As machine learning -- and, especially, automated machine learning (AutoML) -- processes become more prevalent, data pipelines likely will become increasingly intelligent. With these processes, intelligent data pipelines could continuously learn and adapt based on the characteristics of source systems, required data transformations and enrichments, and evolving business and application requirements.

What are the different types of data pipeline architectures?

These are the primary operating modes for a data pipeline architecture:

  • Batch. Batch processing in a data pipeline is most useful when an organization wants to move large volumes of data at a regularly scheduled interval and immediate delivery to end users or business applications isn't required. For example, a batch architecture might be useful for integrating marketing data into a data lake for analysis by data scientists.
  • Real time or streaming. Real-time or streaming data processing is useful when data is being collected from a streaming source, such as financial markets or internet of things (IoT) devices. A data pipeline built for real-time processing captures data from the source systems and quickly transforms it as needed before sending the data to downstream users or applications.
  • Lambda architecture. This type of architecture combines batch and real-time processing in a single data pipeline. While more complicated to design and implement, it can be particularly useful in big data environments that include different kinds of analytics applications.

Event-driven processing can also be useful in a data pipeline when a predetermined event occurs on the source system that triggers an urgent action, such as a fraud detection alert at a credit card company. When the predetermined event occurs, the data pipeline extracts the required data and transfers it to designated users or another system.

Key technologies used in data pipelines

Data pipelines commonly require the following technologies:

  • Extract, transform and load (ETL) is the batch process of copying data from one or more source systems into a target system. ETL software can be used to integrate multiple data sets and perform rudimentary data transformations, such as filtering, aggregations, sampling and calculations of averages.
  • Other types of data integration tools are also often used to extract, consolidate and transform data. That includes extract, load and transform (ELT) tools, which reverse the second and third steps of the ETL process, and change data capture software that supports real-time integration. All of these integration tools can be used together with related data management, data governance and data quality tools.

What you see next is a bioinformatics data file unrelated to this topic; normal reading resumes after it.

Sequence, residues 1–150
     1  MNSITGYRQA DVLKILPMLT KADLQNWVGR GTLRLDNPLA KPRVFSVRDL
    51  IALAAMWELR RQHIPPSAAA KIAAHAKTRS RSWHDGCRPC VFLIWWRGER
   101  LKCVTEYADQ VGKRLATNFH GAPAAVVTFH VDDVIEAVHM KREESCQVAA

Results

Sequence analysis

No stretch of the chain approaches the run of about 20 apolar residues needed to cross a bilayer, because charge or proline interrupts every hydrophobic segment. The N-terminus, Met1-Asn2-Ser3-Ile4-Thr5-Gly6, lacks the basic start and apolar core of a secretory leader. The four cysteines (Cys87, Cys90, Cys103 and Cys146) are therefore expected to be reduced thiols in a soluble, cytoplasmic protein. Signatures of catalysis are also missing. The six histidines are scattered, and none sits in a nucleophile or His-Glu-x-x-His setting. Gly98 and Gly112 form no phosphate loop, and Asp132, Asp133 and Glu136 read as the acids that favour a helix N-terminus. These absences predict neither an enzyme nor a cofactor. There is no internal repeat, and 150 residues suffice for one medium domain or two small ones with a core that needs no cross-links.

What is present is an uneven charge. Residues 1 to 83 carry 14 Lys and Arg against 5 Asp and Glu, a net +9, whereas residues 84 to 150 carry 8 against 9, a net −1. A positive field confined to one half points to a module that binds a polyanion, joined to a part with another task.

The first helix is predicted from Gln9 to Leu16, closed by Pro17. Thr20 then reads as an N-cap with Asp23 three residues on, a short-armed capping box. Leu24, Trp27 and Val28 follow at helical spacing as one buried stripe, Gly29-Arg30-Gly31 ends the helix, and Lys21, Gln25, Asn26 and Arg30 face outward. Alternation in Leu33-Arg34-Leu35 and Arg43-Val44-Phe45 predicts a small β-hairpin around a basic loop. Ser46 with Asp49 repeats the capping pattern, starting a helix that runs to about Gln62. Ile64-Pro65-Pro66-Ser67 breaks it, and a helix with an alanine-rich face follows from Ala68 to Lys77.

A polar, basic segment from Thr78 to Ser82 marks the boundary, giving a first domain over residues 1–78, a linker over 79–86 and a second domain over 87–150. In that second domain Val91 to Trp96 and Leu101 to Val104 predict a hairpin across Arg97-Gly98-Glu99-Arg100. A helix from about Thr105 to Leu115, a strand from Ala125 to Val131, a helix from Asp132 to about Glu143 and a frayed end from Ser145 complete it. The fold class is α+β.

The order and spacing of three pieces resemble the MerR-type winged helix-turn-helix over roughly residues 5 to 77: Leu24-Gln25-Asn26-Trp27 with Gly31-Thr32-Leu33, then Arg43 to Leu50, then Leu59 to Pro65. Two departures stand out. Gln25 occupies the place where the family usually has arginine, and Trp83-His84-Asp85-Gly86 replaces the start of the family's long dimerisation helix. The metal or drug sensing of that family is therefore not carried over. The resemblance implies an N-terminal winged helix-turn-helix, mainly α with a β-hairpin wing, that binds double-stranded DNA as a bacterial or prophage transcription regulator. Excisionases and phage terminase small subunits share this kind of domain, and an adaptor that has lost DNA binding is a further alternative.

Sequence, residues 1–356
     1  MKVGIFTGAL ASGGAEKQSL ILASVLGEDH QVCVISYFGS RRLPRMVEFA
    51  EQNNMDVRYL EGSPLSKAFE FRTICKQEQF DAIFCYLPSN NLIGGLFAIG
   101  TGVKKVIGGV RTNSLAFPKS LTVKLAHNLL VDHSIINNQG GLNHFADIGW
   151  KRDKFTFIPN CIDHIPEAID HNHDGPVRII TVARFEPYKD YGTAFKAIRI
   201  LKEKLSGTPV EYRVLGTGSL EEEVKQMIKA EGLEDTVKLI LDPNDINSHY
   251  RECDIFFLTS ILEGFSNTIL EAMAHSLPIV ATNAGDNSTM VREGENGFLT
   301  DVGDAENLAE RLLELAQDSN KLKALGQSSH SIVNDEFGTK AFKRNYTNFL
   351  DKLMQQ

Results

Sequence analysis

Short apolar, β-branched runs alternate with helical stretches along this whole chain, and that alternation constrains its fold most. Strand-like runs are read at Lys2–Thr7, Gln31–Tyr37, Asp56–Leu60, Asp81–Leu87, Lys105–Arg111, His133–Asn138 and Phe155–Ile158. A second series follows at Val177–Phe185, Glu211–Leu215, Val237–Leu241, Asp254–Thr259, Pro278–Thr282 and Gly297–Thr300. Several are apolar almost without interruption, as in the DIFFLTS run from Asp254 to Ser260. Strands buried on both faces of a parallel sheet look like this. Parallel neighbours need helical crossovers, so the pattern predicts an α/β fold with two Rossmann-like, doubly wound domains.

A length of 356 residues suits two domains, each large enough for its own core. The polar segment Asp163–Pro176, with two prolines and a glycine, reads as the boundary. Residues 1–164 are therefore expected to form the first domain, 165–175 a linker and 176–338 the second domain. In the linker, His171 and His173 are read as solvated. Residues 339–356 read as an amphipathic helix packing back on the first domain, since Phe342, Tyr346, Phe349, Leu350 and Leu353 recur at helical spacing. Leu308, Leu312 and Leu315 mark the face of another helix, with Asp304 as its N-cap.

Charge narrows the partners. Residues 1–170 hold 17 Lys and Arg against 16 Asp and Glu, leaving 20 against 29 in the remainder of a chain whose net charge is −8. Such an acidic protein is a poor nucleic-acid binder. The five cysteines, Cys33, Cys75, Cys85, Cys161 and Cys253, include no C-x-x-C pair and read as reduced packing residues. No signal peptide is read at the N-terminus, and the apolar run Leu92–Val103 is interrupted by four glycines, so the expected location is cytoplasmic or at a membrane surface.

• Data streaming platforms support real-time data ingestion and processing operations, often involving large amounts of data.
  • SQL is a domain-specific programming language that's often used in data pipelines. It's primarily designed for managing data stored in relational databases or stream processing applications involving relational data.
  • Scripting languages are also used to automate the execution of tasks in data pipelines.

Open source tools are becoming more prevalent in data pipelines. They're most useful when an organization needs a low-cost alternative to a commercial product. Open source software can also be beneficial when an organization has the specialized expertise to develop or extend the tool for its processing purposes.

What is the difference between an ETL pipeline and a data pipeline?

An ETL pipeline refers to a set of integration-related batch processes that run on a scheduled basis. ETL jobs extract data from one or more systems, do basic data transformations and load the data into a repository for analytics or operational uses.

A data pipeline, on the other hand, involves a more advanced set of data processing activities for filtering, transforming and enriching data to meet user needs. As mentioned above, a data pipeline can handle batch processing but also run in real-time mode, either with streaming data or triggered by a predetermined rule or set of conditions. As a result, an ETL pipeline can be seen as one form of a data pipeline.

Data pipeline best practices

Many data pipelines are built by data engineers or big data engineers. To create effective pipelines, it's critical that they develop their soft skills -- meaning their interpersonal and communication skills. This will help them collaborate with data scientists, other analysts and business stakeholders to identify user requirements and the data that's needed to meet them before launching a data pipeline development project. Such skills are also necessary for ongoing conversations to prioritize new development plans and manage existing data pipelines.

Other best practices on data pipelines include the following:

  • Manage the development of a data pipeline as a project, with defined goals and delivery dates.
  • Document data lineage information so the history, technical attributes and business meaning of data can be understood.
  • Ensure that the proper context of data is maintained as it's transformed in a pipeline.
  • Create reusable processes or templates for data pipeline steps to streamline development.
  • Avoid scope creep that can complicate pipeline projects and create unrealistic expectations among users.
This was last updated in May 2023